At 30, the guy was still good.

But how could you know if he’d still be good enough at 32?

Comolli would look at his statistical trends: Had the player been making fewer sprints each year, were his passes in the opponents’ half declining?

If the trends were heading downward fast, you wouldn’t offer a new contract.

Comolli and others were learning from Beane how to apply data to sport.

But did he learn anything from European soccer clubs?

They, too, had built up over a century’s worth of know-how.

Beane eventually told me: “They were so much further ahead of us in terms of nutrition.”

Otherwise, when Beane looked at soccer, he saw an emotional sport, which meant irrational decisions.

In 2010, the American businessman John Henry, who had once tried to lure Beane to run his baseball team, the Boston Red Sox, bought Liverpool Football Club.

Henry knew nothing about football. He spoke to Beane, who advised him to hire Comolli, who became sporting director of one of the world’s biggest clubs.

Late at night, he’d call Beane.

Comolli’s tenure was a failure. He used numbers to establish that a young striker, Andy Carroll, was the best at heading in high crosses.

He signed Carroll for €40?million and bought players with good passing statistics to feed him.

But the experiment failed, because, as is becoming clear from the data, high crosses are a bad way of scoring goals, a truth Liverpool had already demonstrated in practice.

Short, low passes are much more productive.

Comolli had bet the company on the wrong strategy.

In April 2012 he left Liverpool.

The greatest advances have been made in planning set pieces: corners, free kicks, penalties and throw-ins.

A set piece is when a football match stops for a moment and becomes an easily analysable static tableau similar, in a way, to a baseball game.

It’s at set pieces that data now regularly prove decisive.

Manchester City’s data department analysed about 400 corners in several national leagues over seasons and concluded that the most dangerous corner is the inswinger: the ball that swings in towards goal.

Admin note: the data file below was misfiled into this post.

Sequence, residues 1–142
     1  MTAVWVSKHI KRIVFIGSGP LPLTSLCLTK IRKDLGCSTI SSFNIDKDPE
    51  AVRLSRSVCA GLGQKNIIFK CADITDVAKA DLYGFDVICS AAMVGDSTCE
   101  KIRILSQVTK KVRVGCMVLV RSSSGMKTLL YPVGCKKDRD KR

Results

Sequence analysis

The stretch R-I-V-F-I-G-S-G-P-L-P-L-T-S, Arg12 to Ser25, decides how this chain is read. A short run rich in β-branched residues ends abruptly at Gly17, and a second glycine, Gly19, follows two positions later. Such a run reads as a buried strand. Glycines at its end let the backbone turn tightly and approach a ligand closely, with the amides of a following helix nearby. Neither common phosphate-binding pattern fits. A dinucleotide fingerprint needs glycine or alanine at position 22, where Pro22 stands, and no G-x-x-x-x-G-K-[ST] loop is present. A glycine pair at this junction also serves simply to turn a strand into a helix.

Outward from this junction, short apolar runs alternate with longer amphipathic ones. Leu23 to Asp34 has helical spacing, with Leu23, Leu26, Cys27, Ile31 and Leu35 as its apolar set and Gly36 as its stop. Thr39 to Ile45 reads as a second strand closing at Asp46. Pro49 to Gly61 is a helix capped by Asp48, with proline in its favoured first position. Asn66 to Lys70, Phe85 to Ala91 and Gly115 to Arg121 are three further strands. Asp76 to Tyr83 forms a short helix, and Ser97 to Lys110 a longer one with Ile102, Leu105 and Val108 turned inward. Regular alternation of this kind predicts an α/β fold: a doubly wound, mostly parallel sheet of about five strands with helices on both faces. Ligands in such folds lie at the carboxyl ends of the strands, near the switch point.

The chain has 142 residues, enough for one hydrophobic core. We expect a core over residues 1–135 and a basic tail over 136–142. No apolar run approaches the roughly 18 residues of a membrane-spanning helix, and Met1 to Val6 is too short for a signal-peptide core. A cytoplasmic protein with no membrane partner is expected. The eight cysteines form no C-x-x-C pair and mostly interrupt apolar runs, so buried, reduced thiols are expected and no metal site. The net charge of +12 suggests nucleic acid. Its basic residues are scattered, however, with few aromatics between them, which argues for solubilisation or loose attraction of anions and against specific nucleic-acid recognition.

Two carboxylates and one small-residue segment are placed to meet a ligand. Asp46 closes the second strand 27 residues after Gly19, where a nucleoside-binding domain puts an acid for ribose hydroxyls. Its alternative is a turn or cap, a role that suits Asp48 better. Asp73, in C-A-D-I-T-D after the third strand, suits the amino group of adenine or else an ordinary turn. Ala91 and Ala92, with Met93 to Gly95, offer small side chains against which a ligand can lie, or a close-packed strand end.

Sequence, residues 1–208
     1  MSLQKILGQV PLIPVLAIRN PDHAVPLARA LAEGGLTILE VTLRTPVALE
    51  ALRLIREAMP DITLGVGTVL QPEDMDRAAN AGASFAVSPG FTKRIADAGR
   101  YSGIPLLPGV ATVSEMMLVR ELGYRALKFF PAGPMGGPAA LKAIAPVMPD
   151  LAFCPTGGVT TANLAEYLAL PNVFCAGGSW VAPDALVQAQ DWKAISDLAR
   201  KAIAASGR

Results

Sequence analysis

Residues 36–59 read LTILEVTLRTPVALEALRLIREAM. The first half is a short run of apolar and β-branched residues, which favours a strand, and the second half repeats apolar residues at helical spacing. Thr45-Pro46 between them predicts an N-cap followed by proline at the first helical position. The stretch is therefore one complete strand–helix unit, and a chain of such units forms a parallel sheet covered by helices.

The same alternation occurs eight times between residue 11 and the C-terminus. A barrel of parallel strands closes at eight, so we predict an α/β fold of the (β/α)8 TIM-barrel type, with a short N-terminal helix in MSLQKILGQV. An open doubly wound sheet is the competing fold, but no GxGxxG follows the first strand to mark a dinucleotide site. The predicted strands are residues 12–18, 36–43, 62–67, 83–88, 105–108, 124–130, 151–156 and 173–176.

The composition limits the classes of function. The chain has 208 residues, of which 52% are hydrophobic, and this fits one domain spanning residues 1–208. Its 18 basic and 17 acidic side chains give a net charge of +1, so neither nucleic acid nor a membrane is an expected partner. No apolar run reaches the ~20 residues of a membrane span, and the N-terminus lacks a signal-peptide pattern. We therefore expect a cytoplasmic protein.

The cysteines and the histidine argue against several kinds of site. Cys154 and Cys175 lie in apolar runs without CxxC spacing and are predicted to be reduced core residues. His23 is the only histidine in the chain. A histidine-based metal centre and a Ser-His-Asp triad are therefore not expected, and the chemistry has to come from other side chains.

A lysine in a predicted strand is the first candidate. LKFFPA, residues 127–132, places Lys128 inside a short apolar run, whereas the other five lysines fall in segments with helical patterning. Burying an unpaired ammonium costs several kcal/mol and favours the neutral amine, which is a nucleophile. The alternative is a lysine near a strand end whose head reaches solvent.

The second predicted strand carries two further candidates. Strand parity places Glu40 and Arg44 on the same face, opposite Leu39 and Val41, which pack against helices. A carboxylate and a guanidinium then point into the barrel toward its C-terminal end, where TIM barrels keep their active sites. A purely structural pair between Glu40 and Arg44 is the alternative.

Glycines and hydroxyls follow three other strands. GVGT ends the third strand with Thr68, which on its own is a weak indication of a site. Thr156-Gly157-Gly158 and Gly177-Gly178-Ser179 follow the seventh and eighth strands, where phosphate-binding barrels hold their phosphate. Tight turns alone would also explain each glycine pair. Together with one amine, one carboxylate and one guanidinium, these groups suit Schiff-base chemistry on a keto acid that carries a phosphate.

The data team took this finding to City’s manager Roberto Mancini, who had played football for many years, and his gut told him the most dangerous corner was the outswinger.

But City’s outswingers kept on not producing goals.

Mancini’s assistant David Platt came to chat to the data analysts, and they noticed that City had begun taking inswinging corners.

In the 2011/12 season, City scored 15 goals from corners, the most in the English Premier League.

Vincent Kompany’s headed goal against Manchester United, which, in effect, clinched the championship for City, came from an inswinging corner.

Not only was that season’s Premier League arguably decided by data analysis, the European Champions League was too.

In the final against Bayern Munich, Chelsea’s goalkeeper Petr Cech dived the right way to all six Bayern penalties, saving two.

Afterwards, he said: “I either guessed pretty well, or I was ready to guess well.”

But he hadn’t just guessed.

Chelsea’s data department had supplied him with a DVD of every Bayern penalty since 2007.

A penalty analysis almost decided the last world cup final.

The world’s leading expert on penalties is Ignacio Palacios-Huerta, a game theorist and economics professor at the London School of Economics.

He has assembled a database of more than 9?000 penalties since 1995.

I grew up in the Netherlands and, when Holland reached the World Cup final against Spain in 2010, I emailed an official in the Dutch camp: Would they like a report on Spain’s penalty takers, prepared by Palacios-Huerta? The Dutch said yes.

Palacios-Huerta (a Basque, happy to see Spain lose) worked 48 hours straight to produce his report.

With five minutes left in extra time in the final, the score was still 0-0. A penalty shoot-out seemed imminent.

I was reading the file with Palacios-Huerta’s report on my laptop. Spain’s Fernando Torres usually shot low, he wrote; Xavi and Andrés Iniesta would probably shoot to the keeper’s right.

What if Ignacio’s advice was all wrong? But then Iniesta scored, and penalties were averted.

Today, the most statistically minded team in international football, Germany, is using data as the game is in motion.

A group of professors and students from the Cologne Sporthochschule (the Higher School for Sports) has worked for Germany’s national team for years.

During last year’s European championship, “Team Cologne” produced a dossier several hundred pages thick on each team Germany faced.

Football is slowly learning to play moneyball, but it’s about 20 years behind. – Agence Global